“Don’t drink your calories.”
When considering changing your diet for fat loss, you have to let go of the fallacy that all that matters is calories in and calories out. How your diet affects your hormones, especially insulin, has a tremendous effect on your health and body composition. It’s pretty hard to argue that a 2,000 calorie per day diet made up of soda, fries, chips, pastries and other processed foods is no different than a 2,000 calorie per day diet made up of fruits, vegetables, beans, legumes, dairy products, fish, game and a moderate amount of truly whole grains.
Any beverage that contains calories, with the exception of whole milk, is a processed food. Sodas are an obvious example of empty calories that are easily absorbed and cause a sudden spike in your blood sugar level. This of course leads to fat storage, and in the long run, decreased insulin sensitivity and type II diabetes.
While everyone recognizes that sodas are unhealthy, what most people don’t realize is that our bodies respond exactly the same way to fruit juice. This is true regardless if is “100% fruit juice.” Most commercially available juices are so processed that they have only trace amounts of the nutrients that were in the original fruit and none of the fiber. Even in the case of better quality juices, however, the amount of nutrients supplied are not beneficial enough to offset the negatives effects of drinking so much sugar.
Sports drinks like Vitamin Water are really nothing more than sugar water. If you want to supplement your nutrition, take a vitamin pill. The trace amounts of nutrients in these drinks don’t warrant drinking sugar in a watery solution. The only acceptable time to use a sports drink or other beverage with any type of sugar is immediately after a strenuous workout when circulating enzymes help store the sugar as glycogen in the muscles.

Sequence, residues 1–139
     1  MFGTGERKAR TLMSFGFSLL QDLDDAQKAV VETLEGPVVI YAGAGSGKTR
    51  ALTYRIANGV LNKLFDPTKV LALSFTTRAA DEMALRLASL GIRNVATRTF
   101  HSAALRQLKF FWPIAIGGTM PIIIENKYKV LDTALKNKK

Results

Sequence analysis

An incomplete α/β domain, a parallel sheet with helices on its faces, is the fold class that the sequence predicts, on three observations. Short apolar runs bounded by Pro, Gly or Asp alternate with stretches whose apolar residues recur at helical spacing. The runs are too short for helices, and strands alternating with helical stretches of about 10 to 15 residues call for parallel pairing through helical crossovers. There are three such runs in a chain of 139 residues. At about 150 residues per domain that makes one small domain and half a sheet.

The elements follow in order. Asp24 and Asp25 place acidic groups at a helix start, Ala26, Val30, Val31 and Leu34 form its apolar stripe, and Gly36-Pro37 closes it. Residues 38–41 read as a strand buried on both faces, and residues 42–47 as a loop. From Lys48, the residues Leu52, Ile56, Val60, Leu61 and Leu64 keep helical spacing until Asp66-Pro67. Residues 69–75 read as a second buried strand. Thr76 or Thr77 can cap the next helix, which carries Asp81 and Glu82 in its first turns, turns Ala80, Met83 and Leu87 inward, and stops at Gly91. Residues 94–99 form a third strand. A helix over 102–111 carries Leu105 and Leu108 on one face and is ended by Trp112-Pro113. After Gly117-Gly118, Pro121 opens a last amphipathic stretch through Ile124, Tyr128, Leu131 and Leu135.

Alcohol is another common source of empty calories that many of us drink. When I’m presenting a seminar on nutrition and discussing the reasons not to drink your calories, I am often asked about alcohol. Only somewhat facetiously, I respond that if I’m going to drink something with empty calories in it, I’m going to get a buzz from it.
I am not a teetotaler, but I’m also not at all convinced that there is any health benefit to drinking alcohol in moderation. When I decide that I need to get a little leaner, alcohol is definitely one of the things that I cut down on. Besides being empty calories, alcohol, like high fructose corn syrup - and even too much fructose, causes fat to be stored predominantly on the abdomen. This is of course unsightly, but more importantly is a risk factor for cardiovascular disease. If you choose to drink alcohol, it’s important to drink in moderation enough that the pleasure you derive from it outweighs the negative effects.
As I’ve written so many times before, a diet for fat loss is no different than a diet for health. We need to eat more whole foods and consume less processed foods and we need to make changes that we can keep up permanently. Eliminating, or drastically curtailing, beverages that contain calories is one easy change that can reap immediate benefit. For many people wishing to lose fat or otherwise improve their health, this simple step is all that is necessary.